Bookless in Baghdad is Shashi Tharoor’s latest book. Its a collection of essays primarily on literature and writers. And its arousing to read a writer’s take on other writers. Not just that but also the political and social commentaries keep this book afresh. Though this book should have been clearly named anything other than Bookless in Baghdad, the book delivers all your would expect as a reader. Bookless in Baghdad is the name of a column which describes Tharoor’s wandering in Baghdad. The title of the book is more of a sales pitch than a perfect title. So we can forgive the publishers for the want of more sales than an eternal title. Some of the selected columns have been written for Hindu. And this was the special book that I never disclosed but mentioned in a previous post.

The essay that moved me is the analogy of India in comparison to the epic Mahabharata. As mentioned earlier for someone like me who was bored by his lectures on Mahabharata, this was a cool take. Shashi Tharoor, to what I’ve read from his novels and columns, believes and makes you agree that the plurality of India is it’s biggest strength. This is clearly reflected in this essay and makes one feel proud about the land he comes from. I am sure this is not cheap patriotism selling but a realistic analysis on India’s strengths and of course it’s weaknesses. If you are the type of dude who thinks India is loud and laughable, this is dedicated for your, departed soul.

In essays about books & writers, I just couldn’t say how much I’m impressed with this man’s prodigious talent. Even the first essay details books, childhood and his growing up with books. From Enid Blyton to Hardy Boys, Shashi Tharoor has grown up exactly the same way you, me or any middle-class Indian would grow. You would be instantly attached to this book just after this first essay. It certainly brought back my childhood memories and made me yearn for those read-like-crazy days. Thats probably one reason, I was feeling lost and rambling about not been able to read books as before.

Heck !! even if you are not a PG Wodehouse fan you would appreciate the heights of stardom PG enjoys in India. An essay centers around PG Wodehouse and his everlasting books. Not to mention the special interest of Shashi tharoor on PG Wodehouse. Shashi Tharoor seems to be a big fan of Salman Rusdhie and has been covering most of Rushdie’s books and appearances whenever he gets leisure time. His essay on Salman’s re-appearance after fatwa and the aftermath was just gossip to me. His tribute to RK Narayan was at its best. Even as a staunch hater(!!) of RKN, Tharoor writes about the loss of RKN and how the literary world would miss him. I didn’t find myself at ease in this essay but I’ve to say its one’s choice. Also I found Shashi Tharoor to make some fairly arguable arguments on the old man’s writings.

Though I couldn’t relate too much to the essay, or I should call it a boast, on St Stephen literary skills, I think it was one essay which Tharoor was wanting to get out for a long time. It was an attribute to his college and we can excuse that as a trade-off for his classy narration of Neruda’s poems.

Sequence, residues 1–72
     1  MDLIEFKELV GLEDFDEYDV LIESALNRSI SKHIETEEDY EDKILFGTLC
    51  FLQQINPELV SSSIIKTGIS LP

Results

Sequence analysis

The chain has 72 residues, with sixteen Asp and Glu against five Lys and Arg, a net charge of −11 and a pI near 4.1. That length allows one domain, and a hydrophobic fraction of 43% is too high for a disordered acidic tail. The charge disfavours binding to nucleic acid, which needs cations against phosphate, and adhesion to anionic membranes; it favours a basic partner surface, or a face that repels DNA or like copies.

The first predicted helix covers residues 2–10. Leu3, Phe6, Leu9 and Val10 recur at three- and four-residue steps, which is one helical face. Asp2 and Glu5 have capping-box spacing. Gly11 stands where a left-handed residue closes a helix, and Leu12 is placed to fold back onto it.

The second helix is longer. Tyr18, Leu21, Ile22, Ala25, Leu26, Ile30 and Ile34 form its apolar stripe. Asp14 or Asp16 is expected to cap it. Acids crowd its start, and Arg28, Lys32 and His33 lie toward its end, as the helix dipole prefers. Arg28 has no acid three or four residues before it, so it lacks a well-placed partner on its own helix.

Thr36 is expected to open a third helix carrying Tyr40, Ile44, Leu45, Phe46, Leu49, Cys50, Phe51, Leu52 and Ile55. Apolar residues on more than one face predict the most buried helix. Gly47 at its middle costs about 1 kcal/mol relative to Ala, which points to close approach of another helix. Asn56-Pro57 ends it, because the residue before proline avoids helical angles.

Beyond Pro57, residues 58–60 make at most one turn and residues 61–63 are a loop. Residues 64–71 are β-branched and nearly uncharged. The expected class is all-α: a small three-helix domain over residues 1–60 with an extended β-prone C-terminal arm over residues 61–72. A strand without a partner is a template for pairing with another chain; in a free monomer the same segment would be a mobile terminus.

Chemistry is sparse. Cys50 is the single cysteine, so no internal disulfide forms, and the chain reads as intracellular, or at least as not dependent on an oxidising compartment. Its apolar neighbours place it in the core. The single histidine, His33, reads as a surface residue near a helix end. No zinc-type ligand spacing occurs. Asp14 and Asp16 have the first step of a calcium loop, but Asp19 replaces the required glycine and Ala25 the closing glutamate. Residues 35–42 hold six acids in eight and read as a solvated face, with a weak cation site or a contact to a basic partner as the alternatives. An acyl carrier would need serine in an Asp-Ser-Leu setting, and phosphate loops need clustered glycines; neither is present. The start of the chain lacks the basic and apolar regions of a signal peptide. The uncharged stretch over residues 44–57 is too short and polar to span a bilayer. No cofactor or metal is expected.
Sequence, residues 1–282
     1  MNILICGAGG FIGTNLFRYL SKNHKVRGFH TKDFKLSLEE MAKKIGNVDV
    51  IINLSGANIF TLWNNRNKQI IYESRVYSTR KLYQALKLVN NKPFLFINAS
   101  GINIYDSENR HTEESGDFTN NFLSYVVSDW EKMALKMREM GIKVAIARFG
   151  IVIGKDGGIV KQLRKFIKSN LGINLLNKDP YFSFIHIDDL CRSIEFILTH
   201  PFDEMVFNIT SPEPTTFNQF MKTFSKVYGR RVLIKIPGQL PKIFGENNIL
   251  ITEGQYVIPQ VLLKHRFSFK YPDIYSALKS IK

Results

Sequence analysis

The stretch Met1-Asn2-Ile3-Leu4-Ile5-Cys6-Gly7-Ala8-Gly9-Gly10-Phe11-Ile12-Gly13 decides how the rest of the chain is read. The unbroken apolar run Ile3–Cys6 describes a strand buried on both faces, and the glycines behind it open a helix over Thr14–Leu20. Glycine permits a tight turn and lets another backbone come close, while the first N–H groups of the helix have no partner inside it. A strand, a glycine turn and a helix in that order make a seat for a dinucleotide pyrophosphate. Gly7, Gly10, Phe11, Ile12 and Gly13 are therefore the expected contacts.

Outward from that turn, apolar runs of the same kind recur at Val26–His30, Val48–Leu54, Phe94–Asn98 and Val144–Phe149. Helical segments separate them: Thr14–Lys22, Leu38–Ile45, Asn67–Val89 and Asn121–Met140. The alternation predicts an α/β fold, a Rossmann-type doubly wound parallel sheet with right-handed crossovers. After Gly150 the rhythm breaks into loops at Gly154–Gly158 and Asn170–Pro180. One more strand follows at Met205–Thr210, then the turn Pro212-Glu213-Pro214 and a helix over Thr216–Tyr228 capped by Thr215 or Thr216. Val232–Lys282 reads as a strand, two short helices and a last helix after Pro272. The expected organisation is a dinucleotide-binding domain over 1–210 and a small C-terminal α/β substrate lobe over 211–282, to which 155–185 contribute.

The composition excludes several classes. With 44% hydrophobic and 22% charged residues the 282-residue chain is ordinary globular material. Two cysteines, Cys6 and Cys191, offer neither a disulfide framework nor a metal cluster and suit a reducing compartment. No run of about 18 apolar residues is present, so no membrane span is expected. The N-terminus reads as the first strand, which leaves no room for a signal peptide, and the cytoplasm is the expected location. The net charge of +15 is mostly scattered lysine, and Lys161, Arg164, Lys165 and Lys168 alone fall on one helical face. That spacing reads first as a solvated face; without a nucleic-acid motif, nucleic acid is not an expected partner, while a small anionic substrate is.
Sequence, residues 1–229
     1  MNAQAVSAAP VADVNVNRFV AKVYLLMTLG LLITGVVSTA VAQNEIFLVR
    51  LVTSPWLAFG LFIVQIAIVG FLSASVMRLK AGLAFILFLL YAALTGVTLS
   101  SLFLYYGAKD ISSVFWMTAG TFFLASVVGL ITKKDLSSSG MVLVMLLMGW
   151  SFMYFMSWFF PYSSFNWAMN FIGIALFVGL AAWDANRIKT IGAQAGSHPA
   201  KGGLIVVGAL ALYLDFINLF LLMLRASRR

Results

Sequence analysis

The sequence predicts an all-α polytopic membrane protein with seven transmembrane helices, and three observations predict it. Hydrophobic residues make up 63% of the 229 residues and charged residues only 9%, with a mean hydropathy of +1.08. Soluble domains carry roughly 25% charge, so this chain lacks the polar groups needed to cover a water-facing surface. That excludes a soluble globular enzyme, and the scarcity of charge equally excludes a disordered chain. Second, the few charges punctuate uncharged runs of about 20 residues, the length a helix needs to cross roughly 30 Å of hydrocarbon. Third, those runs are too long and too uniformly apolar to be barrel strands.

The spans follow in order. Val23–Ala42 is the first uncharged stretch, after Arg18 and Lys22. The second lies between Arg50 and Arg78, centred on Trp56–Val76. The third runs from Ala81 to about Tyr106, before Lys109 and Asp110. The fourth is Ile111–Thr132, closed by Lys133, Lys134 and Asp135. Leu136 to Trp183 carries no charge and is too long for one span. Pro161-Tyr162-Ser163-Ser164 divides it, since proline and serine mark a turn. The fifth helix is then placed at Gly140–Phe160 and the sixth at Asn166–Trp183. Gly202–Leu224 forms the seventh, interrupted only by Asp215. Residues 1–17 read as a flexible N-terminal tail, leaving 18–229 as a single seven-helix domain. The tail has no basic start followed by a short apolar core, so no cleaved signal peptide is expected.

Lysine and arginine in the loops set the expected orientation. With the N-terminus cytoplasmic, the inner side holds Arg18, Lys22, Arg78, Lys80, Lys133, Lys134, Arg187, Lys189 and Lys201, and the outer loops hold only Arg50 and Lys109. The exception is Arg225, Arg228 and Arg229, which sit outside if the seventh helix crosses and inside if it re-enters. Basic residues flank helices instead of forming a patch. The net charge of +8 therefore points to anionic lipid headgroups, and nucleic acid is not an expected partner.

If you are an aspirin or aspiring writer/reader, start here for Shashi Tharoor. Not only you would chance on a guy so prodigious also you would harmonize that he possibly be one of the best writers from India, for a long time to come.

Sivakasi – Okkamakka Kalakks !!

Vijay in Sivakasi

The process of creating a successful potboiler lies in the art of creating an interesting storyline. While a successful film stops there, a super hit goes into unraveling the interesting story with lots of twists thereby doping the audience. Though how much ever Perarasu sounds completely crass and cliched when they display a title, Story Sceenplay Dialogue Lyrics Direction – Perarasu, has managed to create an acceptable masala that is certain to end up as a Super HIT.

Sivakasi is coming together of a divided family and this ain’t new for kollywood for we have been witnessing this since Kudiyirundha Koil. As a change, the movie starts in the Ranganathan Street of T.Nagar and travels to the village for a climax. Offlate, the stories from villages come speeding towards a city, this story actually is a relief as the second half is set in a village. The speedy second half would actually cover-up for the comedy drag in the first half and when the people come out of theatres, they would certainly look at Sun TV cameras and repeat, “Sir, Padam Super”. The winner is actually AM Ratnam. While a successful movie always reward nearly everyone, AM Ratnam manages to get a super hit from every alternate movie.

Exactly on the fifth minute, an iron door is cut with a gas burner and an image walks out. The camera pans in wide angle from the shoe to show the face. The camera wantedly shakes and a loud harmony of Oh !! Oh !! continues in the background. Few minutes later, the mechanic kid says, “Anney!! Oru anju thadava turn pannunganney”, our hero actually turns five times with a ready-made music of vishk vishk vishk. Irrespective of your movie philosphies, you tend to enjoy just these supremely exaggerated shots and willing to watch this angry young man in action. By the time, our hero reaches for the kumkum plate and make a thilak on his forehead, you are sucked into an idiosyncratic world of Super Stars. With Vijay, An HEIR to the Super Star arrives.